“The plan is to run at the weekend and we’ll work back from there. Before Aintree he’s hopefully going to have the chance to win at five Cheltenham Festivals. He’s the horse of a lifetime, so if we can get him back to Cheltenham I’ll be happy.”
Elliott is aware Tiger Roll does need to run in a chase this season to qualify for the National, and added: “The cut off to qualify for the Grand National is March 16, so if Tiger Roll doesn’t run at Cheltenham, it will be a disaster as he won’t be qualified.
“There is a maybe a race in Down Royal the same week that he could be entered for, but all being well it will be Cheltenham.”
Tiger Roll and Delta Work are just two of 18 Elliott-trained entries for the Grand National.
Considering his running plans, the Cullentra handler added: “I’d say Delta Work would be an unlikely runner – he’ll be aimed at the Cheltenham Gold Cup.
“I’d be looking forward to running Alpha Des Obeaux (10st 13lb), The Storyteller (10st 12lb) has a nice weight and Jury Duty (10st 8lb) could run well if he got some dry ground.
“There’s Borice (10st) and Champagne Classic (10st 6lb) and Dounikos (10st 5lb). We have numerous other horses in the race and I think we’ll run about half a dozen, but Tiger is the main one.”
Ten horses have been given 11st or more. They include Bristol De Mai (11st 8lb) – one of seven contenders for dual Grand National-winning handler Nigel Twiston-Davies – Colin Tizzard’s 2018 Cheltenham Gold Cup hero Native River (11st 6lb) and the JP McManus-owned Anibale Fly (11st 2lb), fourth in 2018 and fifth in 2019 for trainer Tony Martin.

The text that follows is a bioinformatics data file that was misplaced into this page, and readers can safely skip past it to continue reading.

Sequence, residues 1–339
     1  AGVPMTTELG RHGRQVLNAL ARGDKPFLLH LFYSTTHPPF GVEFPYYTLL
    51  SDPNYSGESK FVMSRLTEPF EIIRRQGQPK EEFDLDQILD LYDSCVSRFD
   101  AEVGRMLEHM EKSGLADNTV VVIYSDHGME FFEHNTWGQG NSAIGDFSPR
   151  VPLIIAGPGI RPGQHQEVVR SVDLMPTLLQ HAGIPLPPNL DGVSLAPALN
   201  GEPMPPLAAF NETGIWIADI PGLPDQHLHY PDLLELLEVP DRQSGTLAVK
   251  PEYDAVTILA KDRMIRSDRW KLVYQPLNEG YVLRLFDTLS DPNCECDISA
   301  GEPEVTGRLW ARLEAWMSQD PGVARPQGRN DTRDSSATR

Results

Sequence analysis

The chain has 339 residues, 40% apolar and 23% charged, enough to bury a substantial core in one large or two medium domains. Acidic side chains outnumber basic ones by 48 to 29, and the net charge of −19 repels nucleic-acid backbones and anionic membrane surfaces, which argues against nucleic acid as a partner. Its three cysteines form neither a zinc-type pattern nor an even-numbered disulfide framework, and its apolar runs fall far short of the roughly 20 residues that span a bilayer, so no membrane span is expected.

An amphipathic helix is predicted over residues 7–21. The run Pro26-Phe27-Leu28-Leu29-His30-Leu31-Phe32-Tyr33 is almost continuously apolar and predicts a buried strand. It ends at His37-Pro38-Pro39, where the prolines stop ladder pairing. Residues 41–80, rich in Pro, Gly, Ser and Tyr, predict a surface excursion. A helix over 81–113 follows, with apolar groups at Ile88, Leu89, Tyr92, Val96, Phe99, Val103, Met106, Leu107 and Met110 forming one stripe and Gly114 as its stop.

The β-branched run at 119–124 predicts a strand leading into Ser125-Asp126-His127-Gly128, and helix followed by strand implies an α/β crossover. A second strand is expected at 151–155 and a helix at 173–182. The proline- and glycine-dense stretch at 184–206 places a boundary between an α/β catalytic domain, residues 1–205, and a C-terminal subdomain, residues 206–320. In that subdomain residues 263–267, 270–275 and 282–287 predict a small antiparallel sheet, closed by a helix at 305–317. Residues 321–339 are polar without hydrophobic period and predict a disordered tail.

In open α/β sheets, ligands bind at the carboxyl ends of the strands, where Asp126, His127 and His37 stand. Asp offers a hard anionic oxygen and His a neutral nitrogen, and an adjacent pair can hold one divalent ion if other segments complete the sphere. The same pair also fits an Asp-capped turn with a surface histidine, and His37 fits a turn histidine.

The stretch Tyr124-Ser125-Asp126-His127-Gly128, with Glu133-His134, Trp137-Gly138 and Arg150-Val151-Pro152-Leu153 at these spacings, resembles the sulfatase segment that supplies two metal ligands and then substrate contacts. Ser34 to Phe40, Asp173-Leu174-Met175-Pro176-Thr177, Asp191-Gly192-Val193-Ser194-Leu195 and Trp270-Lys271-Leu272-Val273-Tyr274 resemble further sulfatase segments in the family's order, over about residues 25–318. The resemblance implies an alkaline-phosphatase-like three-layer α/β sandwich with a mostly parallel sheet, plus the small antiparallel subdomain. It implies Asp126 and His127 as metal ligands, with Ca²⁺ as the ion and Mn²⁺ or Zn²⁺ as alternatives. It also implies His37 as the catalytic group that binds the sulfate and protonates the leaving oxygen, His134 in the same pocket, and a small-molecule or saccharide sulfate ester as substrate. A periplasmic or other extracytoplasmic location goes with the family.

Willie Mullins, successful with Hedgehunter in 2005, has impressive Irish Grand National victor Burrows Saint (10st 10lb) among his nine contenders.
Last year’s runner-up Magic Of Light (Jessica Harrington) has been handed 10st 12lb as she bids to become the first mare to win the race since Nickel Coin in 1951.
Walk In The Mill (10st 4lb) fared best of the British-trained runners when fourth 12 months ago. Robert Walford’s stable star is also a dual winner of the Becher Chase over the famous fences.
Lucinda Russell’s One For Arthur (10st 2lb) claimed National glory for Scotland off a mark of 148 in 2017 and will return to run off the same rating.
Other leading contenders include the Christian Williams-trained Welsh Grand National victor Potters Corner (10st 6lb), Tom Lacey’s Classic Chase hero Kimberlite Candy (10st 4lb) and Sky Bet Chase winner Ok Corral (10st 9lb), who could bid to prove Nicky Henderson with his first National success.